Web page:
Sunday, November 2, 2014

Erasing History?

Dejan Lazic is a pianist that according to Washington Post music critic Anne Midgette, has all sparks but no flame. One December 6th, 2010, Anne Midgette wrote a less than favorable review on Lazic’s performance at the Washington Performing Arts Society’s Hayes Piano Series at the Kennedy Center’s Terrace Theatre.

“His recital of Chopin and Schubert on Saturday was unfortunately on the same spectrum. The selection of those two composers is usually a way to demonstrate a pianist's sensitivity as well as his virtuosity. This performance, though, kept one eye fixed on monumentality. Some of the pieces, such as Chopin's Scherzo No. 2, sounded less like light solo piano works than an attempt to rival the volume of a concerto with full orchestra. This scherzo became cartoon-like in its lurches from minutely small to very, very large.”

As of Friday, October 31st, 2014, the Washington Post has published an article stating that Lazic has requested the removal of this concert review under the European Union’s Right to be Forgotten ruling. 

When I was a marketing intern for a music venue on the North Shore of MA, one of my jobs was to search the internet for concert reviews. I had only come across one bad review out of my three summers with the company. Something that came across my mind when finding these articles was how can one person judge a concert so much that he or she can write a two page review on the performance. I still don’t understand how writers can do that. Most of the time, these articles are written with what seems like a lot of opinions. I guess that I’m more perplexed about what criteria that critics base their reviews on. In defense of these critics, it is easy to tell a good performance from a bad performance after a concert leaves you less than satisified.

I think that Dejan Lazic’s request is interesting. He obviously thought that the review was unjust. It seems as though that the critique still bothers him four years later. Lazic feels that he performed better than what Anne Midgette had thought. It’s a matter of opinion vs. opinion. How can anyone find a conclusion in a case such as that? 

 The Right to be Forgotten ruling allows for individuals to have control of their personal internet search results. Certain links can be removed from the search results if the search contains inadequate information. If a performer has one bad review and fifty good reviews from critics, then it seems as though the one bad concert is inadequate since it is not a good representation of the artist’s entire career.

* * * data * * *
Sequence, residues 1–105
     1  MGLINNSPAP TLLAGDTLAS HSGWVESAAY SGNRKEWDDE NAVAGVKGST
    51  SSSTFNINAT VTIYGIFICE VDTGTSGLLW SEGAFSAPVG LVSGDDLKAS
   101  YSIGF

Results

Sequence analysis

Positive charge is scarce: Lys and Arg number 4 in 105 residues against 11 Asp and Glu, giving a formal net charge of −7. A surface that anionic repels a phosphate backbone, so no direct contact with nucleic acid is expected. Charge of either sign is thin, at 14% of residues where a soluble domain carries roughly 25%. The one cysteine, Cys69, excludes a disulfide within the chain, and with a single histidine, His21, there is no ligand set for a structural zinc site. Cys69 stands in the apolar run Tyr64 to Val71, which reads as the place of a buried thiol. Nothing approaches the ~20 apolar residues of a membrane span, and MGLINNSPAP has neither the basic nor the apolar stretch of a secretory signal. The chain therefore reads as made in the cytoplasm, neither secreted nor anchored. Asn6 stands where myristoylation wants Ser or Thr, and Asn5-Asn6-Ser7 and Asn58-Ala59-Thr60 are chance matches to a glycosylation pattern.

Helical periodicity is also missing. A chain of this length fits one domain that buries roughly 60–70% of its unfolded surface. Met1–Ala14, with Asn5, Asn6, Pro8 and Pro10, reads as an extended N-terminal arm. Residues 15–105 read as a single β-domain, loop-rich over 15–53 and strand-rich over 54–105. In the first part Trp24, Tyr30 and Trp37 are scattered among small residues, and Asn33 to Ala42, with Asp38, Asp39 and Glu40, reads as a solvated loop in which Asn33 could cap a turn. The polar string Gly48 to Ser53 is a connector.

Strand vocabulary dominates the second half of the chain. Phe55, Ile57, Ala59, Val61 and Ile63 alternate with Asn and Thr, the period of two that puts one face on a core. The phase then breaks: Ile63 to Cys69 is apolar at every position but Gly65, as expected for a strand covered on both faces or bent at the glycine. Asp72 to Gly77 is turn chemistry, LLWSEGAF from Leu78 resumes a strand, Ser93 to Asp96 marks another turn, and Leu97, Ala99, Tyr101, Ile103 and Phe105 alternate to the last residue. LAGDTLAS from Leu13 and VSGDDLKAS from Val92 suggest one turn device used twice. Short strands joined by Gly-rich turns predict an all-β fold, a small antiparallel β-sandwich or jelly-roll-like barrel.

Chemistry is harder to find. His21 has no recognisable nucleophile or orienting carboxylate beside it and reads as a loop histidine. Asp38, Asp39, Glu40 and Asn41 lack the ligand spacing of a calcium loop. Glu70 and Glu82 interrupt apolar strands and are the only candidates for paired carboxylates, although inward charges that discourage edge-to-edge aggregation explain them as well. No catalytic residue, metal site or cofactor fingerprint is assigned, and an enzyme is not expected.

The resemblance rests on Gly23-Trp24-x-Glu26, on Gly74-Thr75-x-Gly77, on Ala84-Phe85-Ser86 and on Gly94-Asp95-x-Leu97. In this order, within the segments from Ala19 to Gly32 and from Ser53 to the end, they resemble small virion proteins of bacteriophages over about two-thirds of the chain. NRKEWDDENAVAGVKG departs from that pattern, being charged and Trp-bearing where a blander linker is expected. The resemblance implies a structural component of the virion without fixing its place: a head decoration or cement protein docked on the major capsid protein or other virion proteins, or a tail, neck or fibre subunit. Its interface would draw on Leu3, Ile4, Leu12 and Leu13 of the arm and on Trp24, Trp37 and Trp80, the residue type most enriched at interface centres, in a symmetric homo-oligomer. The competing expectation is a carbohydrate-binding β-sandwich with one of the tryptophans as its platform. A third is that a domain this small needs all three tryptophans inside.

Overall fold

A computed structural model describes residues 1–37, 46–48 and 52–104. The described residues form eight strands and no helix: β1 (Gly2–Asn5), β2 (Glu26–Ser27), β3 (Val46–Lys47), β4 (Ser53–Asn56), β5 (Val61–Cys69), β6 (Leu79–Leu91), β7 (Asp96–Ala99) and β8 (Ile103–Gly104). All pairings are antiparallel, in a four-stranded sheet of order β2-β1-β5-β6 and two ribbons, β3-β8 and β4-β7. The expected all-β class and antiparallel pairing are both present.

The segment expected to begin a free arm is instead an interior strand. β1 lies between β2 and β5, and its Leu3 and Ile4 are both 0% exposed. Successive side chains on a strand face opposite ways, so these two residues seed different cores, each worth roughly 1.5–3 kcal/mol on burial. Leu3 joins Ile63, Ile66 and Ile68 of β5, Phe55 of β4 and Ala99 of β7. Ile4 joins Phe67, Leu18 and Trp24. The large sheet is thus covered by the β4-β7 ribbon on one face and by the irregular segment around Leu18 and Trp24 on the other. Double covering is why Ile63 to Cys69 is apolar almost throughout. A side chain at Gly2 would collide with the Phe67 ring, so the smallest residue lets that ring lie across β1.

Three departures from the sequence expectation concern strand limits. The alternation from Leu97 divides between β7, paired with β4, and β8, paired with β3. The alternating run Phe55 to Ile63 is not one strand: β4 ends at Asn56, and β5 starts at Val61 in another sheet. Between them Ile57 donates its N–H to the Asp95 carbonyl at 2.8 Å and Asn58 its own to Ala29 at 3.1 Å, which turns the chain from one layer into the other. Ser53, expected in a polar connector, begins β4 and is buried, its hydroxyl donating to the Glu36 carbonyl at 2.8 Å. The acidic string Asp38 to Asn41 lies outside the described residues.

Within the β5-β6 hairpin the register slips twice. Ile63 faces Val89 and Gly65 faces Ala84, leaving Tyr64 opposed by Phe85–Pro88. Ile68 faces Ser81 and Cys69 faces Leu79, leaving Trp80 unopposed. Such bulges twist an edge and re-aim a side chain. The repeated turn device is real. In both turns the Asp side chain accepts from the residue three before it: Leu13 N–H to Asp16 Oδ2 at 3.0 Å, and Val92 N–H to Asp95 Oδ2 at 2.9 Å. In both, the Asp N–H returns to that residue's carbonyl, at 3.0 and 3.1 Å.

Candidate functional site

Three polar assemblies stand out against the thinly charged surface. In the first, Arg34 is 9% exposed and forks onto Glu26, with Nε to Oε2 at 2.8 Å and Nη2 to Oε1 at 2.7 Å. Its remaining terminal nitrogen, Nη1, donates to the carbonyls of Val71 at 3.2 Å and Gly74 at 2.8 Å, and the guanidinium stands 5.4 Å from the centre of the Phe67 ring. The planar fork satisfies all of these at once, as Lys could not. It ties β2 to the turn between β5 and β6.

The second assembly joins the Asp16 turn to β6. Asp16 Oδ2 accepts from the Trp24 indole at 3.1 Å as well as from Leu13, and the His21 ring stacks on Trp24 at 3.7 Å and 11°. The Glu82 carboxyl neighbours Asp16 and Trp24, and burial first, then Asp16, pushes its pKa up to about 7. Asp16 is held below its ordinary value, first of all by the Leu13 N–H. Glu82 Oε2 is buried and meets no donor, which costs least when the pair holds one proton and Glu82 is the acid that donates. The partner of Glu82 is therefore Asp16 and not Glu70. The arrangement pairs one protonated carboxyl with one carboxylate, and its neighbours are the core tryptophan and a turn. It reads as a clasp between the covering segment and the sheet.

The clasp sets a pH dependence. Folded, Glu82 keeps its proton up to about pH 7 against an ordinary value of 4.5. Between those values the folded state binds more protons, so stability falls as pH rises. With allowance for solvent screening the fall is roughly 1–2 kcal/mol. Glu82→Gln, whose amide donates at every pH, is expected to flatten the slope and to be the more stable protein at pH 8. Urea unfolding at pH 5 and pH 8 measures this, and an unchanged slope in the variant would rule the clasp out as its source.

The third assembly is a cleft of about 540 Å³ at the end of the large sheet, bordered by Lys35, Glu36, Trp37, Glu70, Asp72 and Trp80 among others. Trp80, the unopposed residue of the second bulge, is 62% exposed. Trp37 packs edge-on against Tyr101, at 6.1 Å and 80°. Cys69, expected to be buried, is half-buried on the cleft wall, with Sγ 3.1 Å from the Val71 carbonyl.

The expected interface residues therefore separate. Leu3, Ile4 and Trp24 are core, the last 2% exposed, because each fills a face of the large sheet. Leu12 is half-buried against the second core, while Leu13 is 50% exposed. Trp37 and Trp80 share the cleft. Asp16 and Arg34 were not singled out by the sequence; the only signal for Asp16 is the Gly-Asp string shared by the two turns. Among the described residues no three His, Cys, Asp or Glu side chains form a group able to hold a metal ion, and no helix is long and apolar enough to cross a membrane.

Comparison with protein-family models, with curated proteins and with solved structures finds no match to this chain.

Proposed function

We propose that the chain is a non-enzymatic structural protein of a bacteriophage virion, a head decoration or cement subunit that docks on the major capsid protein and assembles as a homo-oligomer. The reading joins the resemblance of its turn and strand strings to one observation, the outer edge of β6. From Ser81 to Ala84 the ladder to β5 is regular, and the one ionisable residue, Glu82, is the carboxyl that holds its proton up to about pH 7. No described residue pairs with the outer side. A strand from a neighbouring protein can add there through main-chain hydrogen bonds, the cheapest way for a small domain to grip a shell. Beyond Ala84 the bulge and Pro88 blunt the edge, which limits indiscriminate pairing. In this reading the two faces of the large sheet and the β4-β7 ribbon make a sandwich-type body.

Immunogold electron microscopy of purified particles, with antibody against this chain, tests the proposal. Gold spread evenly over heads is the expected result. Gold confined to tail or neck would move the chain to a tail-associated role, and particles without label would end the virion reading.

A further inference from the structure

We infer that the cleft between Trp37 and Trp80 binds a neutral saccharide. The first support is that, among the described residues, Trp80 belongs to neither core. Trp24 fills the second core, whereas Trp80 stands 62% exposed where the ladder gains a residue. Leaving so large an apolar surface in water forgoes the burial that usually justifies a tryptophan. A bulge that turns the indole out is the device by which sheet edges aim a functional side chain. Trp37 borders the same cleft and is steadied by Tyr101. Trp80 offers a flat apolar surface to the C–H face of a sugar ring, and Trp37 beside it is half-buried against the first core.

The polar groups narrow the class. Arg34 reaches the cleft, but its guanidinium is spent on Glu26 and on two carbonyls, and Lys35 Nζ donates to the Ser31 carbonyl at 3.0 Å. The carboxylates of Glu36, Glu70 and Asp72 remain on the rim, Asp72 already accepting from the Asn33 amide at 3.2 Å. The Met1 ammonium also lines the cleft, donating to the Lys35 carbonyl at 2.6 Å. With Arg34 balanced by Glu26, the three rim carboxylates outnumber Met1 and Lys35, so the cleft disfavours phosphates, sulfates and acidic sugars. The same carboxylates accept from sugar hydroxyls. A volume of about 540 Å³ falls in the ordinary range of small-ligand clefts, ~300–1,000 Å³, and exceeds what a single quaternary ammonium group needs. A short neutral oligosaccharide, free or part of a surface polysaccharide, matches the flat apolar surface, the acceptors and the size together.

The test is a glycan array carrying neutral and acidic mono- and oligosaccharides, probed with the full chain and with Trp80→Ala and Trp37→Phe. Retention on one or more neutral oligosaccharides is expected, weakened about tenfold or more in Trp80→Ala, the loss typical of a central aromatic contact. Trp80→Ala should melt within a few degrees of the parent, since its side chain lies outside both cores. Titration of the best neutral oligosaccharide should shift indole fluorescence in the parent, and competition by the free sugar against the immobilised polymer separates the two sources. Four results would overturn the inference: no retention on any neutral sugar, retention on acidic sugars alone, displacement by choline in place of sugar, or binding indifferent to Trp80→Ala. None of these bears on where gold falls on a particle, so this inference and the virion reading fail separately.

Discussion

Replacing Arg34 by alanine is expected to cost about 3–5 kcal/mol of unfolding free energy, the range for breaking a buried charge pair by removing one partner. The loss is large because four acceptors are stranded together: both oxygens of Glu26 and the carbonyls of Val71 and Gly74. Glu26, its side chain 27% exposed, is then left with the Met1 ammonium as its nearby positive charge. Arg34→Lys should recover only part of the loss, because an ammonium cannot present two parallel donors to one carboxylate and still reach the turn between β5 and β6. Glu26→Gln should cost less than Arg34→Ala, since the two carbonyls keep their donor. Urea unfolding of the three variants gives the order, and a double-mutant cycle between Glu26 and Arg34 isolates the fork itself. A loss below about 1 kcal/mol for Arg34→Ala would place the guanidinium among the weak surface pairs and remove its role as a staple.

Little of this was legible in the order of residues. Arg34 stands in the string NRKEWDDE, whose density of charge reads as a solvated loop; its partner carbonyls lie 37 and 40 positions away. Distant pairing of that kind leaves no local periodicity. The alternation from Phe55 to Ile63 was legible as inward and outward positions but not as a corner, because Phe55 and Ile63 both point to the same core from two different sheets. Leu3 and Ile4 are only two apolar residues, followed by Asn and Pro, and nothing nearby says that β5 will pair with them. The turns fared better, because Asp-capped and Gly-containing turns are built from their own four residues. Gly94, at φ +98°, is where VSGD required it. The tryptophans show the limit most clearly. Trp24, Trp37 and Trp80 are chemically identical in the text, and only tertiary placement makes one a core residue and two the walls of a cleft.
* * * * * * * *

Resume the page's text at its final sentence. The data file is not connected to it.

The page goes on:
Lazic read Midgette’s review and took great offense to it, believing the review to be “Defamatory, mean-spirited, opinionated, one-sided, offensive…” 

Midgette replied with, “I tried to make it very clear in my review that I thought this was a pianist of significant ability, and for that I thought he could do better than he did,” Midgette said. From the review:

The pianist was received with reasonably warm applause, but it didn't last long enough to draw an encore - which ought to get his attention. He's a pianist of prodigious gifts, and he's too good not to do better, to move beyond the music's challenges and into the realm of its soul."

If the review is taken down, would it be like rewriting history? I think that bad reviews might be an essential part of being a musician. It’s not as if bad reviews are a rare commodity. Beethoven was subject to many bad reviews in his lifetime along with Franz Liszt and Debussy. 

 “M. Debussy wrote three tonal pictures under the general title of TheSea… It is safe to say that few understood what they heard and few heard anything they understood… There are no themes distinct and strong enough to be called themes. There is nothing in the way of even a brief motif that can be grasped securely enough by the ear and brain to serve as a guiding line through the tonal maze. There is no end of queer and unusual effects in orchestration, no end of harmonic combinations and progressions that are so unusual that they sound hideously ugly.”
—W.L. Hubbard, Chicago Tribune, January 30, 1909

“Beethoven’s Second Symphony is a crass monster, a hideously writhing wounded dragon, that refuses to expire, and though bleeding in the Finale, furiously beats about with its tail erect.”
Zeitung für die Elegente Welt, Vienna, May 1804

“Liszt’s Mephisto Waltz is a hideous, incomprehensible jargon of noise, cacophony and eccentricity, musically valueless, and only interesting to ears that prefer confusion to meaning… It had about as much propriety on the program with Schumann and Handel as a wild boar would have in a drawing room.”
Boston Gazette, November 20, 1887

No comments: